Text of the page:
Trump N.Y. hush-money case: Seven jurors picked for trial that could start next week

By Chris Benson
Former President Donald Trump awaits the start of criminal proceedings on the second day of jury selection at Manhattan criminal court in New York on Tuesday. Trump is facing 34 felony criminal charges alleging he falsified business records to cover up a sex scandal during the 2016 campaign. Pool Photo by Michael M. Santiago/UPI
1 of 4 | Former President Donald Trump awaits the start of criminal proceedings on the second day of jury selection at Manhattan criminal court in New York on Tuesday. Trump is facing 34 felony criminal charges alleging he falsified business records to cover up a sex scandal during the 2016 campaign. Pool Photo by Michael M. Santiago/UPI | License Photo

April 16 (UPI) -- Seven jurors were sworn in Tuesday at the end of the second day of Donald Trump's New York trial over hush-money payments he allegedly made to adult film actress Stormy Daniels.

Jury selection continued throughout the morning and into the afternoon in a Manhattan courtroom for the hush-money trial in which the former president has pleaded not guilty to all charges.


"We don't know exactly how long that will last," Judge Juan Merchan said about the ongoing jury selection, which had a fresh group of 96 other New York citizens shown into the courtroom after the first seven were seated.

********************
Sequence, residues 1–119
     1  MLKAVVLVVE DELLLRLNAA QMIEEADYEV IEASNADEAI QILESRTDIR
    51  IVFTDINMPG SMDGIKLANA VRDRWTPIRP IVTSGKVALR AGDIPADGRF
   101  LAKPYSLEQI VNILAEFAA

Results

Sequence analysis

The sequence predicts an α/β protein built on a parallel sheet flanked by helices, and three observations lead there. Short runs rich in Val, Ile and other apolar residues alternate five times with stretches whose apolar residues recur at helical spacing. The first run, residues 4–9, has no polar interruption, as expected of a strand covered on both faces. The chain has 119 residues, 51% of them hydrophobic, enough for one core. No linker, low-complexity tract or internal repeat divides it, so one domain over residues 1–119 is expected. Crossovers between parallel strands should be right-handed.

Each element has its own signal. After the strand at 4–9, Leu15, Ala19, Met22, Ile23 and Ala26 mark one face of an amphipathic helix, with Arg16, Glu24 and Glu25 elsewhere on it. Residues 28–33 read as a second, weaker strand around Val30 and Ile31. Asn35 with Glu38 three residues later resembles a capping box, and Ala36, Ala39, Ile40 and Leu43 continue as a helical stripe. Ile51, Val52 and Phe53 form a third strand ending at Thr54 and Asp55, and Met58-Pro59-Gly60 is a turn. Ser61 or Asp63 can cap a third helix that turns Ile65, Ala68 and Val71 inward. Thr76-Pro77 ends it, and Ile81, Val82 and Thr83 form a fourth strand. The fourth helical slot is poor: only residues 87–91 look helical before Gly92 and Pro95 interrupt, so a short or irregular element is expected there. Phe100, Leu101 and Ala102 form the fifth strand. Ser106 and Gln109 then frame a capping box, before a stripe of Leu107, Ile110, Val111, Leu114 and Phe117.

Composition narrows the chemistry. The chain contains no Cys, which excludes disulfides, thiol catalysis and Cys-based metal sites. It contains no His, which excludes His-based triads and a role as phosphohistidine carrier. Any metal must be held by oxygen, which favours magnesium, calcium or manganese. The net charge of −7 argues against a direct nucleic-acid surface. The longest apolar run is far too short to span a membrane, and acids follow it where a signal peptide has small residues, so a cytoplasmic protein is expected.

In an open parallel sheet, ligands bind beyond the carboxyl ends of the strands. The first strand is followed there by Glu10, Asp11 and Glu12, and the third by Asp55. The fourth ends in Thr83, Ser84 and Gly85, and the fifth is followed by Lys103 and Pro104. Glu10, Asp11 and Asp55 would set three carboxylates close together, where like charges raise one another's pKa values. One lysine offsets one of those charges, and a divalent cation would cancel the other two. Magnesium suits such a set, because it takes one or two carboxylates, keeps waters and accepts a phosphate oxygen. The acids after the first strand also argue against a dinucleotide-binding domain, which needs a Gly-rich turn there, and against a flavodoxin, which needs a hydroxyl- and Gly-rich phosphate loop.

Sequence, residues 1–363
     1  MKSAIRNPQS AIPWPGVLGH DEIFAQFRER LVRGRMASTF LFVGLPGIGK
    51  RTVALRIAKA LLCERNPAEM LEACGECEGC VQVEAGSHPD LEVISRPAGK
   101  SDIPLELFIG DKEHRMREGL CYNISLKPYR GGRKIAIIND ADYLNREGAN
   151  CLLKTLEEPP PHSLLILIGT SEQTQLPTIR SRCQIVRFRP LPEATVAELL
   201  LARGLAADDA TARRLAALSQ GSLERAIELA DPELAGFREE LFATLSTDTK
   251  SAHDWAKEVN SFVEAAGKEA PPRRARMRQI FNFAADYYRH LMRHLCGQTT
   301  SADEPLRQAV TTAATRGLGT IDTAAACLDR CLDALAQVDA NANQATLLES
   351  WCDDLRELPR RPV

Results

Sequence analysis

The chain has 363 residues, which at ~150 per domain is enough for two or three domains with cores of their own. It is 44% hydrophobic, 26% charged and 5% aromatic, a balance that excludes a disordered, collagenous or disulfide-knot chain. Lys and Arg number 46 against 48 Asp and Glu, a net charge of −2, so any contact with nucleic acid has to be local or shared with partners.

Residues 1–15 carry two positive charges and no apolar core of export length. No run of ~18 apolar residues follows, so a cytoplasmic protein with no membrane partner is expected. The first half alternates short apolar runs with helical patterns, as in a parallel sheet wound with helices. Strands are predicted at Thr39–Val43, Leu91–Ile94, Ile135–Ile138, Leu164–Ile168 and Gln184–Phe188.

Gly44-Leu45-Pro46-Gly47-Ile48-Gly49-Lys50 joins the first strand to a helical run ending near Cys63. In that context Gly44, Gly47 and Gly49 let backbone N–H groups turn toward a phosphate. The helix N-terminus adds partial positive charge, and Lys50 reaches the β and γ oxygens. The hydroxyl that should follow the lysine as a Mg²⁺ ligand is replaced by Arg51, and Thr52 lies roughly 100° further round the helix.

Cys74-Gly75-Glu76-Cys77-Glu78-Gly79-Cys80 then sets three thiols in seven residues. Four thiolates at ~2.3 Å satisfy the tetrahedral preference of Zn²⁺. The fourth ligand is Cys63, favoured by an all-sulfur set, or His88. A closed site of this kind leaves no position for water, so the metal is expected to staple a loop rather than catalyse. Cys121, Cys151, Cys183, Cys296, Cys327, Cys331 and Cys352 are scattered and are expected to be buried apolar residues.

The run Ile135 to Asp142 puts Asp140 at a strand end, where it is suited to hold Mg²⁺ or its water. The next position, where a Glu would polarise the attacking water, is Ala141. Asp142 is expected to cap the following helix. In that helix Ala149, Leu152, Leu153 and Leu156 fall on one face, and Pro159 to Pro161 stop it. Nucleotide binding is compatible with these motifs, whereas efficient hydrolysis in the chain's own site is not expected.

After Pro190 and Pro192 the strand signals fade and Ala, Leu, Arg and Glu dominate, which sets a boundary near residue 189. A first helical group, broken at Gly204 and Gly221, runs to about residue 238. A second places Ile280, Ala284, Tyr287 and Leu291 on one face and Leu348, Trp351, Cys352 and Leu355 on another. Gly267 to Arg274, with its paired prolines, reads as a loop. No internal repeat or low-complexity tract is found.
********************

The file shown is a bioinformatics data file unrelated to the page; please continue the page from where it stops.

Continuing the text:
Although the court is not in session on Wednesday, legal arguments could start as early as next week as court goes back into session on Thursday. Trump is required to be present at the trial, which could last as long as eight weeks.


Leaving court later Tuesday afternoon, Trump called Merchan "conflicted."

Multiple jurors have so far been dismissed over their inability to be impartial, political ideology or issues involving things they posted publicly on social media in the past.

On Monday, more than half of the 96 potential jurors that day were quickly dismissed, with many signifying that they would be unable to be "fair and impartial" in their deliberations about Trump.

A minimum of six more jurors plus six other alternate jurors still need to be selected, with nearly 80 other individuals already having been excused since Monday the day before when the jury selection began.

Of the seven jurors who can be partially identified, the jury foreperson is being described as a West Harlem married man, with no kids, who works in sales and was born in Ireland. The second juror is an Upper East Side resident who is an oncology nurse at Memorial Sloan Kettering. The third juror is a younger male Chelsea resident and corporate lawyer originally from Oregon. Fourth, a Lower East Side resident originally from Puerto Rico, an IT consultant and a married grandfather. Fifth, a charter school teacher from Harlem. And sixth, a Chelsea resident and software developer for Disney who is not married and has no kids.


A Facebook post by one juror over Trump's 2020 election loss had prompted a comment from the former president. Merchan told Trump's defense attorney Todd Blanche that he "will not have any jurors intimidated in this courtroom. I want to make that crystal clear."

"Mr. Blanche, your client was audibly uttering something," the judge told Trump's lawyer. "He was audible, gesturing and speaking in the direction of the juror. I won't tolerate that."

Arriving at court ahead of Tuesday's trial proceedings, Trump called the trial a "disgrace" while speaking to reporters outside Merchan's courtroom.